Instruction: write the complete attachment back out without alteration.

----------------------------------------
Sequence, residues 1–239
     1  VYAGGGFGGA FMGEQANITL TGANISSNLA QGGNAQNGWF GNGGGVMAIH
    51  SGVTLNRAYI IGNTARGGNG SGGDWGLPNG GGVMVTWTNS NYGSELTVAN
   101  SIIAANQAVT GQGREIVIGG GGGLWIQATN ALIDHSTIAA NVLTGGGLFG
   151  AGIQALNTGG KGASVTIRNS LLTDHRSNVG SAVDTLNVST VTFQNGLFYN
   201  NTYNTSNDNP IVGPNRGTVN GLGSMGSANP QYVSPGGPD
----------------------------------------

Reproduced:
Sequence, residues 1–239
     1  VYAGGGFGGA FMGEQANITL TGANISSNLA QGGNAQNGWF GNGGGVMAIH
    51  SGVTLNRAYI IGNTARGGNG SGGDWGLPNG GGVMVTWTNS NYGSELTVAN
   101  SIIAANQAVT GQGREIVIGG GGGLWIQATN ALIDHSTIAA NVLTGGGLFG
   151  AGIQALNTGG KGASVTIRNS LLTDHRSNVG SAVDTLNVST VTFQNGLFYN
   201  NTYNTSNDNP IVGPNRGTVN GLGSMGSANP QYVSPGGPD